Picture, if you will: an all-aluminum 32-valve DOHC V8 producing 500 horsepower, coming from the factory built to kill and meant to take an absolute beating at the hands of the operator. Ford did just that…in 1940. It’s the world’s largest V8, the GAA. It comes in at a jaw-dropping 1,100 cubic inches of displacement (that’s a flat 18 liters to you metric types) and chucked out a solid 1,000 ft/lbs of torque from idle to 2,200 RPM. Found in certain variations of the M4 Sherman tank (namely the M4A3 variations) the GAA proved to be a capable enough tank power unit.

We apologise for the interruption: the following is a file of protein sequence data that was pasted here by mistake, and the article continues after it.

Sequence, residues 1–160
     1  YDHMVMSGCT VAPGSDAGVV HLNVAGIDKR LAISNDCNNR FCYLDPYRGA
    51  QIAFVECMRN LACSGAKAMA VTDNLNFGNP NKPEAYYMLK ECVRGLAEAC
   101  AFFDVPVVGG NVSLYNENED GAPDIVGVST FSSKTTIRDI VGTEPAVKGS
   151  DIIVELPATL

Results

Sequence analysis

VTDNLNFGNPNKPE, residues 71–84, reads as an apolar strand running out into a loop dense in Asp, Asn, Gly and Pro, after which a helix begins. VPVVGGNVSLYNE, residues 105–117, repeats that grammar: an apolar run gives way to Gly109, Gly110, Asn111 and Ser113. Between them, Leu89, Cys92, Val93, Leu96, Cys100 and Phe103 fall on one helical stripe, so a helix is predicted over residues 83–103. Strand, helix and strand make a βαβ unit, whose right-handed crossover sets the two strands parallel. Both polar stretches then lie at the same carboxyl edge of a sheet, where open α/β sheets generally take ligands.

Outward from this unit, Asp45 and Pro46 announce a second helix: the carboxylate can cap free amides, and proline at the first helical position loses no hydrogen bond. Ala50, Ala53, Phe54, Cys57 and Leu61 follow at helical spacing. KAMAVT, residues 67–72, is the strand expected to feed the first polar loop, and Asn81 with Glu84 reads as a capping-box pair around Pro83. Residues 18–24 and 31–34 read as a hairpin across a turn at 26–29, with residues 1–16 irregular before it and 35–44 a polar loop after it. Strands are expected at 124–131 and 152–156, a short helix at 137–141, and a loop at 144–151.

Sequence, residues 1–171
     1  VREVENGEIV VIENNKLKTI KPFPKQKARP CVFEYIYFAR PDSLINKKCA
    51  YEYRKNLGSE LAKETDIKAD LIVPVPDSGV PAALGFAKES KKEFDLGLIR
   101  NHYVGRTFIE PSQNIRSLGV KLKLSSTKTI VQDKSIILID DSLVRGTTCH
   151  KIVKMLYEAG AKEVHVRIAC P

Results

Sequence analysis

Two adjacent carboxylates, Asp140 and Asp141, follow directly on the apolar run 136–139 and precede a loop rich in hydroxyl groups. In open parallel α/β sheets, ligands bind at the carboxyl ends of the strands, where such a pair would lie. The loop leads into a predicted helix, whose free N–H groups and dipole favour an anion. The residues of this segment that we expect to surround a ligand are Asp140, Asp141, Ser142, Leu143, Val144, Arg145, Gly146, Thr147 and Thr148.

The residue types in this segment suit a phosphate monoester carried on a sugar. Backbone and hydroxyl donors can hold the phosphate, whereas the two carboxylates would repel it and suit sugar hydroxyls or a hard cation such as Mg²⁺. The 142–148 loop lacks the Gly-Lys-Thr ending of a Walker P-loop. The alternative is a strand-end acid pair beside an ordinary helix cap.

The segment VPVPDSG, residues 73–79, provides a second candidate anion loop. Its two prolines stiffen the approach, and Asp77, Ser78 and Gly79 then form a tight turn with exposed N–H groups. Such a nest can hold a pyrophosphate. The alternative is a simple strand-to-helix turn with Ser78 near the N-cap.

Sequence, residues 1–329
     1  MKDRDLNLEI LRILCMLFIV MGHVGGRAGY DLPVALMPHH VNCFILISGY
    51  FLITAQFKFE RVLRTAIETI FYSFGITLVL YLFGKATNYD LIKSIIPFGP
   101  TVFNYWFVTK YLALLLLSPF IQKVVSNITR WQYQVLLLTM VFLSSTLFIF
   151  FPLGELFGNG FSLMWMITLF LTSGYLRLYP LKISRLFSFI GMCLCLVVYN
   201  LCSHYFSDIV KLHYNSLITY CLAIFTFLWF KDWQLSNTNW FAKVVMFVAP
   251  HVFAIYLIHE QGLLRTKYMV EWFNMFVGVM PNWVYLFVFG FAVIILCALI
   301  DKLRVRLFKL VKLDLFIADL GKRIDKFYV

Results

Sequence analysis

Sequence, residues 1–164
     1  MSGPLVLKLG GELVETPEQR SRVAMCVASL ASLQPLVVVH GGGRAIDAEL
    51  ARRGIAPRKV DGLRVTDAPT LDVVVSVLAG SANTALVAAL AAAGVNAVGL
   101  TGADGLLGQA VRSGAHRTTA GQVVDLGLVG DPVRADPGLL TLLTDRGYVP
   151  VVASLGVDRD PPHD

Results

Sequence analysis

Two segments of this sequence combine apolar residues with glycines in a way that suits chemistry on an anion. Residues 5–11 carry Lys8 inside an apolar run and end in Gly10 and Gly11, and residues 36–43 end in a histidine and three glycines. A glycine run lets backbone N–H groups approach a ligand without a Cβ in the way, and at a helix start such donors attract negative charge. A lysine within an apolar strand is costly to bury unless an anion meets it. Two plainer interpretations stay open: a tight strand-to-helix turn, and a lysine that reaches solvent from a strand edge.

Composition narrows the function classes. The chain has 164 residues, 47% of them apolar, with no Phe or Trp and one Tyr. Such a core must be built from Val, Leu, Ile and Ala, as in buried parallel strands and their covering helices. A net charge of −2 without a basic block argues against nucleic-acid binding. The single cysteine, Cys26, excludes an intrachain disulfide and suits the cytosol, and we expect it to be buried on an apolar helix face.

About ten years ago rumors started to float around that one of these tank mills was being shoved into something that was supposed to be a 1970 Mustang. Photos and even a couple of YouTube videos managed to make an appearance, but quick research doesn’t show any further evidence of such a beast being finished. Part of the reason might have something to do with the GAA’s fuel consumption rate (MPG: You don’t wanna know) but even for a wild built like that, you’d think it’d be done. Anybody got any leads on what happened to the ultimate mountain-motor Mustang?